National News

Government report: Unemployment fraud may top $60 billion during pandemic

(The Center Square) – A U.S. government report released Monday estimates that there could have been more than $60 billion in unemployment insurance fraud during the pandemic.

The report by the U.S. Government Accountability Office says that figure is an estimate spread over the entire unemployment system and should be “interpreted with caution.”

There has been $4.3 billion of unemployment fraud proven by state workforce agencies and at least $45 billion more in transactions that were flagged as potential fraudulent unemployment claims but not confirmed.

The U.S. Department of Labor stated that about $878 billion in total unemployment benefits were paid from April 2020 through September 2022, the report stated. There was $209 billion in expenditures under the regular unemployment insurance and about $669 billion payouts under the various pandemic unemployment programs, which ended September 6, 2021.

The U.S. Congress created four new unemployment insurance programs during the pandemic, according to the report.

The report also questioned the U.S. Department of Labor’s efforts to combat fraud.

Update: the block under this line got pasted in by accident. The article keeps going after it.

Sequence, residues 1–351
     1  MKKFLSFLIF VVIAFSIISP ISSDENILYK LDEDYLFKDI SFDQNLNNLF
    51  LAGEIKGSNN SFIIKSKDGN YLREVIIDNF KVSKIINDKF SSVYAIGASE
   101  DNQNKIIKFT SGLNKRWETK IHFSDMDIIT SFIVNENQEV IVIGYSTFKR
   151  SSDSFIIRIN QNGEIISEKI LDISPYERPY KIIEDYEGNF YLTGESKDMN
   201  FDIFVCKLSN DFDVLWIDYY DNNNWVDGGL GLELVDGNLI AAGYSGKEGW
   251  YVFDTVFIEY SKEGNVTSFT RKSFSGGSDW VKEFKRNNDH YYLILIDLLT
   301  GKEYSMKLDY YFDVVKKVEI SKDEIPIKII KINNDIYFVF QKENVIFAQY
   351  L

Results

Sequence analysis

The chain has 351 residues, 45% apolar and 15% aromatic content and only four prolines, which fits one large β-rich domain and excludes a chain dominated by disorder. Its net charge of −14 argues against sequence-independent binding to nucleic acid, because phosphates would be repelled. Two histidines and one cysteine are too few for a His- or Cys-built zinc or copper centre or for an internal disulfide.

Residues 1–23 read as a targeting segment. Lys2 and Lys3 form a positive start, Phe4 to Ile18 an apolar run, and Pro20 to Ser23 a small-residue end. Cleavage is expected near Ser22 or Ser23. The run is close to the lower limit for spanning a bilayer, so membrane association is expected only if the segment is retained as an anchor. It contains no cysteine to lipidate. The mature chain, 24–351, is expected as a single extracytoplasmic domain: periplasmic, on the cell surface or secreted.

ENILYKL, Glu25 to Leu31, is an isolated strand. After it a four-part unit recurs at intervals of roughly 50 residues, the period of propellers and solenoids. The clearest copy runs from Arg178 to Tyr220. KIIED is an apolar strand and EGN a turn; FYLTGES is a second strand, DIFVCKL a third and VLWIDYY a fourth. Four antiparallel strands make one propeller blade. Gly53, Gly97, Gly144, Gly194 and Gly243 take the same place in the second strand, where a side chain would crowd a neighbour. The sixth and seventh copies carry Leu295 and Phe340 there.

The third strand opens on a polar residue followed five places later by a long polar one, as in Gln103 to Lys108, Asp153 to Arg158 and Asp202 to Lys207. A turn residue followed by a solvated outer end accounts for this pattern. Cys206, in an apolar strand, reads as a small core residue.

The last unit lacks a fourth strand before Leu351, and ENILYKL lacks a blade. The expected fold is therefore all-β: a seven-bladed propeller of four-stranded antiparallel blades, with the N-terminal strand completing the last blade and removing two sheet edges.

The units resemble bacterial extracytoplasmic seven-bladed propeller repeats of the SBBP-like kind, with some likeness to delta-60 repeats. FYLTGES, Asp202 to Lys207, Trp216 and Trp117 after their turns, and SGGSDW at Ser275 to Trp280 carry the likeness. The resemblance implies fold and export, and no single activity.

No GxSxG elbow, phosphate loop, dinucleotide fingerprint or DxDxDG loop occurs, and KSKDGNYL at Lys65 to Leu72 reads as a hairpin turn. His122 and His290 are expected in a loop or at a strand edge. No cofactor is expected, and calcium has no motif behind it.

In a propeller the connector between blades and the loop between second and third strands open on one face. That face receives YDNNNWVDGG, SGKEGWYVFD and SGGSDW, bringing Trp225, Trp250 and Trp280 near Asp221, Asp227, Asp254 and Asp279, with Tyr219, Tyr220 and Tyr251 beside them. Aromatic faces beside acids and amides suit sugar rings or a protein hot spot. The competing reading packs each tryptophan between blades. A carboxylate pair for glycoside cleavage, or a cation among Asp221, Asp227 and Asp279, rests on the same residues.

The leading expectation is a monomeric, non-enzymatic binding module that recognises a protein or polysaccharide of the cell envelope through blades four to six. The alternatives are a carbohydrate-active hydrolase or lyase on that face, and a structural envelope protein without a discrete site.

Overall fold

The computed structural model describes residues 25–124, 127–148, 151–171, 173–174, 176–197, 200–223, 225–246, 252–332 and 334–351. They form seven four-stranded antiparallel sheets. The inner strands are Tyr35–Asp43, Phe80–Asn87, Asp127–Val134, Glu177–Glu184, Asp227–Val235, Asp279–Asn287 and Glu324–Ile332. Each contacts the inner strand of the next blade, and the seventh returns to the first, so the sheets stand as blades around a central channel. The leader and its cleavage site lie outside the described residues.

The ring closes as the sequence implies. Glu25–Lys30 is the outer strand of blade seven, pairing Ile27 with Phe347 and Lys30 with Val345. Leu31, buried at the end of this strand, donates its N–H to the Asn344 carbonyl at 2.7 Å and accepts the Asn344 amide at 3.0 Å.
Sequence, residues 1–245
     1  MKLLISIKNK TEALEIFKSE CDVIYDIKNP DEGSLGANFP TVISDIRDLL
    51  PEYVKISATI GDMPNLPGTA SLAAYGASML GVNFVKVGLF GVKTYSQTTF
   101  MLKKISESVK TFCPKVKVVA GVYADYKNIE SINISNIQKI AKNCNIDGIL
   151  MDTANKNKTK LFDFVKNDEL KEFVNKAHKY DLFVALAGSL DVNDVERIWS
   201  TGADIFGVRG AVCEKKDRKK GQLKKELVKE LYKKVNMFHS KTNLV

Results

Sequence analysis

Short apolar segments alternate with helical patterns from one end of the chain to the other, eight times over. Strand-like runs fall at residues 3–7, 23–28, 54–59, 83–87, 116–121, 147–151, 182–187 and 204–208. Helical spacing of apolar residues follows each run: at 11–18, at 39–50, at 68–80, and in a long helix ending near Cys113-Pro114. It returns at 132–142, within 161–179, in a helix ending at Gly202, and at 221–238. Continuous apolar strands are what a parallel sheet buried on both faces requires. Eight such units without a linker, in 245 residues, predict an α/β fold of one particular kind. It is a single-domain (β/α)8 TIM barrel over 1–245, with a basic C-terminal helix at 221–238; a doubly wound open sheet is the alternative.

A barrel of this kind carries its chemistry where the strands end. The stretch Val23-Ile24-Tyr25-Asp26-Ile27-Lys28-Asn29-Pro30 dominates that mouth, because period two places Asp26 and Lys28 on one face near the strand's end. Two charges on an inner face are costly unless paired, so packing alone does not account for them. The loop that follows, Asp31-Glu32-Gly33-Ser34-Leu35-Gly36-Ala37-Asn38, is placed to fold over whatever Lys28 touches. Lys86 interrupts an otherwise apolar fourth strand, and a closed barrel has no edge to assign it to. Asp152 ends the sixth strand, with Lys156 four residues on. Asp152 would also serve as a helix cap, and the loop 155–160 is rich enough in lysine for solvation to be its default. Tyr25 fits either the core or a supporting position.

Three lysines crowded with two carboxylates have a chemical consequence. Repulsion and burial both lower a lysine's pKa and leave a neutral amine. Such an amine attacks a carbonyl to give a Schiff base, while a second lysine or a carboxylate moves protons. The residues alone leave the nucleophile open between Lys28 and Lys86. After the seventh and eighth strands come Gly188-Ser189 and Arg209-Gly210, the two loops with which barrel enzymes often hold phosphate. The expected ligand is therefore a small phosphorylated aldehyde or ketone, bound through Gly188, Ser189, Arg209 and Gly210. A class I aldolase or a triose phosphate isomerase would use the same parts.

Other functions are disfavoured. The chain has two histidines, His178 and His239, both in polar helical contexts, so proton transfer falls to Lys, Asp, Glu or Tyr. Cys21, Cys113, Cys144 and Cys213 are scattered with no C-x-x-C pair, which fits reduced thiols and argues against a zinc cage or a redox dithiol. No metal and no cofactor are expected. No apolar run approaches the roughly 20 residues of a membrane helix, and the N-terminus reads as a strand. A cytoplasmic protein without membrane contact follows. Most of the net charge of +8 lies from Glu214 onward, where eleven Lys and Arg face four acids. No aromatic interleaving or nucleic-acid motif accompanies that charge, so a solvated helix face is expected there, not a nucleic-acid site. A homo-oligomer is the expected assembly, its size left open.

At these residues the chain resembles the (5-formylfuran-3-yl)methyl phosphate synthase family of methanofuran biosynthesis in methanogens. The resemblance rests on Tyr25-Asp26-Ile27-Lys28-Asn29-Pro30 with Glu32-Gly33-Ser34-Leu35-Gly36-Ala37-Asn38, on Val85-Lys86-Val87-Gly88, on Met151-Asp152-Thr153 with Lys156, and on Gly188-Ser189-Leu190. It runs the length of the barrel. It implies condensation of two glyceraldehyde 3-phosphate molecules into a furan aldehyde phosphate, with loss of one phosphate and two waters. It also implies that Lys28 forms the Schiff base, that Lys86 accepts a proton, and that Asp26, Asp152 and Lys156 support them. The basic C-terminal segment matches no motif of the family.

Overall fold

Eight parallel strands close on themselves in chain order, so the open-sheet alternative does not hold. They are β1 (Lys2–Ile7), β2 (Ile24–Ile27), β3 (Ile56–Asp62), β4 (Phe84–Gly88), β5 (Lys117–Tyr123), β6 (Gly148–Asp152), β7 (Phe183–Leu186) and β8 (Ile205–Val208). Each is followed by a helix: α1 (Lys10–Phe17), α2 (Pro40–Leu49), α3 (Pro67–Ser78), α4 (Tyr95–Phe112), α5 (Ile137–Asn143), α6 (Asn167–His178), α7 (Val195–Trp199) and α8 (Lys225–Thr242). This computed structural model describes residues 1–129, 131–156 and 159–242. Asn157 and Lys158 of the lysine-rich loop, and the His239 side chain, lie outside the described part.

“The Department of Labor has taken steps to address such fraud,” the U.S. Government Accountability Office pointed out. “However, the department has yet to develop an antifraud strategy based on leading practices from GAO’s Fraud Risk Framework as required by law.”

The GAO continued: “While these steps help prevent, detect, and respond to fraud, as of December 2022, DOL has not yet developed an antifraud strategy based on leading practices in GAO’s Fraud Risk Framework. Also, it has not yet addressed the six October 2021 recommendations GAO made including to identify, assess the impact of, and prioritize UI fraud risks. These are essential pieces to inform an overall antifraud strategy. Without an antifraud strategy, DOL is not able to ensure that it is addressing the most significant fraud risks facing the UI system in alignment with the Fraud Risk Framework.”

By Tom Gantert | The Center Square

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